Caregivers and Family

Breaking Bad News

Getting -- or sharing -- the news of a cancer diagnosis is one of the most difficult experiences anyone can go through. While it is different if you're the doctor, the patient or the caregiver, open and honest communication is the key to helping each other make the best decisions.

Caring for the Caregiver FAQ

Cancer breeds questions. At the U-M Comprehensive Cancer Center, we face tough questions every day - in our clinics, our laboratories, our classrooms and our community - and we know we're only as good as our latest answer. In this "Frequently Asked Questions," we explore an aspect of cancer diagnosis and treatment too often overlooked: taking care of the caregiver.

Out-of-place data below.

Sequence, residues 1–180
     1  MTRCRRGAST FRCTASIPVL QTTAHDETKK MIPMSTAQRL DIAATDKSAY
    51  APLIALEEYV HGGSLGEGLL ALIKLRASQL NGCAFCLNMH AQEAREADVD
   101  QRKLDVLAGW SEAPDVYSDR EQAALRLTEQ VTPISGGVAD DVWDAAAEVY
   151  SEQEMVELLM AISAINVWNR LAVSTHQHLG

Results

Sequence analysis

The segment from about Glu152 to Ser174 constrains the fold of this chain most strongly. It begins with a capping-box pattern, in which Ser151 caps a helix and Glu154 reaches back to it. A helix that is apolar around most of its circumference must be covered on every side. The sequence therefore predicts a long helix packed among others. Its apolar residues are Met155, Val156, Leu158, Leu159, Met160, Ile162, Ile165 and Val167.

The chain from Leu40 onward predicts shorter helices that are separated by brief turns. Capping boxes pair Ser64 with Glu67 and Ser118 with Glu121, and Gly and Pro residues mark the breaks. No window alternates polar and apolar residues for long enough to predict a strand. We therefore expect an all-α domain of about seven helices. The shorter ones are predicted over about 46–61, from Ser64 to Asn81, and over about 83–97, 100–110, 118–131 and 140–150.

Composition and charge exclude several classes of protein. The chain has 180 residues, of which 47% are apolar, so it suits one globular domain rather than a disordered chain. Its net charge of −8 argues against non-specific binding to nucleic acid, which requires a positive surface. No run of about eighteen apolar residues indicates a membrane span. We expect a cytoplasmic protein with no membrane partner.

Care for the Caregiver

When Carol Rugg was diagnosed with breast cancer in 1997, her fiancé Richard Montmorency thought they'd gotten the "in sickness" part of their marriage out of the way early. Rugg fought the disease with Montmorency as her caregiver, an experience they did not expect to repeat as the years passed with no recurrence.

Up and Down the Family Tree

Paula Wishart is a cancer dodger. Thanks to the University of Michigan Cancer Genetics Clinic, she was diagnosed with Lynch Syndrome, a hereditary condition that greatly increases the chances of developing colon and other cancers earlier in life than what’s considered typical.

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